Take the 2-minute tour ×
Stack Overflow is a question and answer site for professional and enthusiast programmers. It's 100% free, no registration required.

Assert.Equals() never calls

Equals()
operator ==
operator !=

Am I missing something? I have implemented IEquatable but still the methods are never being called while using nunit.

if (objectA != objectB) Assert.Fail(); //doesnt fail
if (!objectA.Equals(objectB)) Assert.Fail(); //doesnt fail
Assert.AreEqual(objectA, objectB); //fail

UPDATE

I should have been clearer.

public class Entity 
{
  public int ID { get; set; }
}

var objectA = new Entity() { ID = 1 };
var objectB = new Entity() { ID = 1 };

two separate instances both with the same ID I have implemented all the relevant methods to make this work for ==, != and Equals but nunit AreSame and AreEqual still fails to call those methods.

share|improve this question
    
I have exactly the same problem. For now I am using Assert.IsTrue(objectA.Equals(objectB)); –  Stefano Ricciardi Feb 4 '10 at 11:08

5 Answers 5

up vote 4 down vote accepted

You are definitely correct. I was wrestling with a similar problem earlier today, until I found your post and am now sure, that NUnit IsEqualTo() does not consistently call the Equals overrides provided.

I say consistently, because sometimes it does. As a matter of fact I have two classes. The second one derived from the first. When I call Is.EqualTo() on instances of the first, NUnit calls the Equals overrides, for instances of the second it does not.

While that is very peculiar, I have no time to investigate further into what is going on.

People with similar problems or solutions should definitely post about it, as this is a very annoying thing and actually had me doubt the validity of my tests.

In the meantime I created the following Affirm class, which calls the Equals overrides for sure (I checked it). It uses NUnit to do a simple equality Assert instead of Is.EqualTo() and somewhat remedies the fact, that this way NUnit doesn't give string representations of the objects in case the test fails.

So here it is:

using NUnit.Framework;

public static class Affirm
{
    public static Affirmer That(object actual)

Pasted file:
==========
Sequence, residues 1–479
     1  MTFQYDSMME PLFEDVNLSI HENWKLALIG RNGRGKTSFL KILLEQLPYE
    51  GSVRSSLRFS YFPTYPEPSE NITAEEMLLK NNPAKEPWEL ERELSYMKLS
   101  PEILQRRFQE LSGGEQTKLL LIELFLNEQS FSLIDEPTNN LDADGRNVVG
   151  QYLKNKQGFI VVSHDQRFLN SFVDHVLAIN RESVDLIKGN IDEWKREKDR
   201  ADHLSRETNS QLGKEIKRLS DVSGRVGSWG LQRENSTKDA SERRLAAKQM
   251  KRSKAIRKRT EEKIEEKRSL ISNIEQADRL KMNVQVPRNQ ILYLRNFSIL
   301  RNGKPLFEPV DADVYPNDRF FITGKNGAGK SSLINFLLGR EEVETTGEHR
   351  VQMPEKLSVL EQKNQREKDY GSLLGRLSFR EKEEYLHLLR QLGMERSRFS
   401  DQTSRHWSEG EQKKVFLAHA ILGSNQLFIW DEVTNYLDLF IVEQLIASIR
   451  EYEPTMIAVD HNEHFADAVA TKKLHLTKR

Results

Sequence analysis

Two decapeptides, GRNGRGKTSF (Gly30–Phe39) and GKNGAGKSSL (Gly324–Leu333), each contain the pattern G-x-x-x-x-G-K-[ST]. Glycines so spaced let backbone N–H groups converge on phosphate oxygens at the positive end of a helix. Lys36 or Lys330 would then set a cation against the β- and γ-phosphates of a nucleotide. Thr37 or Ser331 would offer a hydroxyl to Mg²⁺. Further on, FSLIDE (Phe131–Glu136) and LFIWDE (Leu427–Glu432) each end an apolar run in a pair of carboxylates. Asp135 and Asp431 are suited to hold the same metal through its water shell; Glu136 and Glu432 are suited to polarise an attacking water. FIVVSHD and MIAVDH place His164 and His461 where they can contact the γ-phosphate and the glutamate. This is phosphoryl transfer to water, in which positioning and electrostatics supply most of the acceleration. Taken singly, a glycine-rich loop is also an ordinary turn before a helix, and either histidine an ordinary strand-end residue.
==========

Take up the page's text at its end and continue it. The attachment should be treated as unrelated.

{
        return new Affirmer(actual);
    }
}

[EditorBrowsable(EditorBrowsableState.Never)]
public class Affirmer
{
    readonly object _actual;

    public Affirmer(object actual)
    {
        _actual = actual;
    }

    public void IsEqualTo(object expected)
    {
        string failureMessage = string.Format("\nExpected: <{0}>\nBut was:  <{1}>", _actual, expected);
        Assert.That(_actual.Equals(expected), Is.True, failureMessage);
    }

    public void IsNotEqualTo(object expected)
    {
        string failureMessage = string.Format("\nDid not excpect: <{0}>\nBut was:         <{1}>", _actual, expected);
        Assert.That(_actual.Equals(expected), Is.False, failureMessage);
    }
}

Use it like this:

Affirm.That(actualObject).IsEqualTo(expectedObject);

and

Affirm.That(actualObject).IsNotEqualTo(expectedObject);

Hope this helps.

share|improve this answer
    
Just for completeness: As can be seen in your original post (stackoverflow.com/questions/1624848/…), your problem was caused by a bug in your override of object.Equals (object). (I guess this thread's OP's problem was caused by a similar bug.) –  Fabian Schmied Aug 18 '10 at 15:14

Use Assert.AreEqual(a, b) for value types, Assert.AreSame(a, b) for reference types. http://www.nunit.org/index.php?p=identityAsserts&r=2.2.7

share|improve this answer
    
This still says they are not the same for some reason.. (it wont call my equal methods) :( What I am trying to test is 2 instances of the same class with the same ID that should say yes they are equal. –  bleevo Jul 6 '09 at 3:41
    
Not sure, you could certainly do Assert.IsTrue(objectA == objectB) but I'm not sure why you need to. –  Robert Jul 6 '09 at 3:46
    
Assert.AreSame(a, b) is actually performing ReferenceEquals(a,b), and might not be what you are looking for. If you want to assert the same object instance, than use this method. Otherwise, you could better use Assert.AreEqual(a,b) instead. –  Xilconic Mar 17 at 14:22

Some frameworks allow for equality to work differently before the Id is assigned (ie, the Entity is unsaved) than afterwarsd, when its clear that the intent is that the Entity Id is the sole basis for quality. Are you using some sort of framework or is Entity your own class?

If it's your own class can you show the gist of your Equals() logic?

Cheers, Berryl

FYI Assert.AreSame is NEVER a test to validate your implementation of IEquatable! See ReferenceEquals in your help doc to understand that assertion better.

share|improve this answer
    
+1 for "Assert.AreSame is NEVER a test to validate your implementation of IEquatable" –  João Portela Jul 11 '12 at 16:08

It should work (see this related question) if the Equals method was overridden correctly. Could it be a problem with your Equals method (although if it simply consists of int comparison I would think not)? Might be worth setting a break point in your Equals method and then running the test to see what's going on behind the scenes.

share|improve this answer
    
I think setting breakpoint was exactly what the OP was doing –  zcrar70 Aug 14 '10 at 12:37

You might want to check out this question: NUnit's Assert.Equals throws exception "Assert.Equals should not be used for assertions"

tl;dr; Assert.Equals(obj1, obj2) is overridden by NUnit, and throws an exception. You should use Assert.AreEqual(obj1, obj2) instead.

share|improve this answer

Your Answer

 
discard

By posting your answer, you agree to the privacy policy and terms of service.

Not the answer you're looking for? Browse other questions tagged or ask your own question.